With the recent release of the much-anticipated Samsung Galaxy Note10, and noting that there have not really been any transformational changes in smartphone design, features or functionality in several years, we felt it important to ask whether we reaching the limits of the capability of the smartphone.
Earlier this week, mobile/cellular phone giant, Samsung, released the much-anticipated Galaxy Note10, which is one of the firm’s flagship devices, in addition to the Galaxy S series. The Note10 will be available in two sizes: a ‘compact’ Note10, at 6.3 inches; and the Note10+, at 6.8 inches.
As expected, Samsung has packed the kitchen sink into the new Note10, including a new and improved stylus pen; handwriting to text functionality; along with updated processors, display, screen, camera and photography features, to name a few. The table below highlights some of the key specifications for both the Galaxy Note10 and Note10+.
If you are going to quibble about the price, a phablet might not be for you
However, all that capability does not come cheap. The starting price will be at least USD 1,000.00, with the Note10 starting at USD 1,259.99, and the Note10+ starting at USD 1,459.99.
For those you have the disposable income, purchasing a Note10 might just be a status symbol. It will not be the device that ‘every Tom, Dick and Harry’ will be able to own. However, in examining the device more closely, it is becoming increasingly obvious that the Note10 is not a mass market device. In other words, it has been designed to cater to niche consumer segments, and more importantly, those who are prepared to pay for such a device without grumbling about the price. Individuals who might want, or even need, such a smartphone, are likely to be executives and business people, especially frequent travellers, and possibly, even content creators.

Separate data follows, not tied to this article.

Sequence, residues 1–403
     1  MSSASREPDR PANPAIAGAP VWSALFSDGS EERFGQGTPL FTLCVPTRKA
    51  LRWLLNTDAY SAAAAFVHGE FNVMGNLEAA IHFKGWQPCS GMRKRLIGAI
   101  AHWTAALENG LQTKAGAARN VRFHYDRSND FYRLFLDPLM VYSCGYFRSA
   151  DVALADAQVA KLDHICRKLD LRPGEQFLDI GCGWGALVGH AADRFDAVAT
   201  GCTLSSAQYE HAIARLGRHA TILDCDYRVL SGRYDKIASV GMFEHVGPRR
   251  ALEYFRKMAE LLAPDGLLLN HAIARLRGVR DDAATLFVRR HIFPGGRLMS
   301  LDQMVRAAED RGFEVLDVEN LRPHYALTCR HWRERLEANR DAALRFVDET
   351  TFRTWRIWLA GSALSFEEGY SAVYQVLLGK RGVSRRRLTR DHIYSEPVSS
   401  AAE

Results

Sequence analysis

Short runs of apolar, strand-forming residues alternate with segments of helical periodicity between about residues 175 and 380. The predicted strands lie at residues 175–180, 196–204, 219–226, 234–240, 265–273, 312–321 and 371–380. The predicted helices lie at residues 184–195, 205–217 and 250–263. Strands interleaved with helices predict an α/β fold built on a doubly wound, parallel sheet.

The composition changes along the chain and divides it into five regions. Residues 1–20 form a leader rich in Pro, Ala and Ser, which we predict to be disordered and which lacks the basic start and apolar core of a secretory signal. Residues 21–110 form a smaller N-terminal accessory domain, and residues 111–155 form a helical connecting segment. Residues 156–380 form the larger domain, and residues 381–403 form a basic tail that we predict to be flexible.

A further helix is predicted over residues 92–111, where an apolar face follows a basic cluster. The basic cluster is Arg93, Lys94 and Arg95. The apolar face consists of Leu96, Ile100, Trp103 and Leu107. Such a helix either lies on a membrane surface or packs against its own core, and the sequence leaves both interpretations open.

When might ‘big’ be too big?
To be clear, big phones, those that are at least 6 inches, have increasingly become the norm, especially among the top brands and for premium smartphones. Typically, the biggest selling point tend to be the screen size, and consequently the larger viewing area to watch movies, read documents, type, etc. Further, in being larger in size than more budget-friendly smartphones, but more portable than a tablet computer, to a considerable degree, phablets are obviating the need for consumers to also have a tablet computer, or even a desktop or laptop computer, in some cases.
However, the question that continually begs to be asked, is “when is ‘big’ too big?” In being 6.8 inches, the Samsung Note10+ will be one of the largest smartphones on the market, It might be too large for most pockets, and perhaps a bit unwieldy for one-handed use, especially when making or receiving voice calls and having the device up to one’s ear.
However, in creating a larger device, there is also the opportunity to pack even more features and functionality, which to some degree, may justify the price. Further, and to accommodate those added features, the engineers and designers would need still to push the limit of their designs, which back in the day, spurred considerable and memorable innovation. Unlike in the past, when significant changes and improvements in the design and capability would be evident from one device release to the next; today, the changes are more subtle, and tend to appear more incremental than revolutionary.
The new kid on the block
To a considerable degree, the seemingly incremental improvements to phablets, similar to the more modest-sized smartphone, seems to suggest that generally, we might be getting to the limits of how much we can pack into such devices. Having said this, Samsung has also unveiled the Galaxy Fold, which has a screen size of 7.3 inches (!), but folds to a compact 4.6 inches, and is scheduled to be released on or around September 2019.
Clearly, there are considerable engineering complexities in the Galaxy Fold: to have a device that functions both at 4.6 inches, and at 7.3 inches. Interestingly, it is being seen more as a portable tablet, than a larger smartphone, which may in turn affect the design/engineering approach and ethos. Nevertheless, as a first generation concept, which arguably only has the potential to improve, the Galaxy Fold (and other similar devices) may actually be the future of the smartphone.
Images credit: Samsung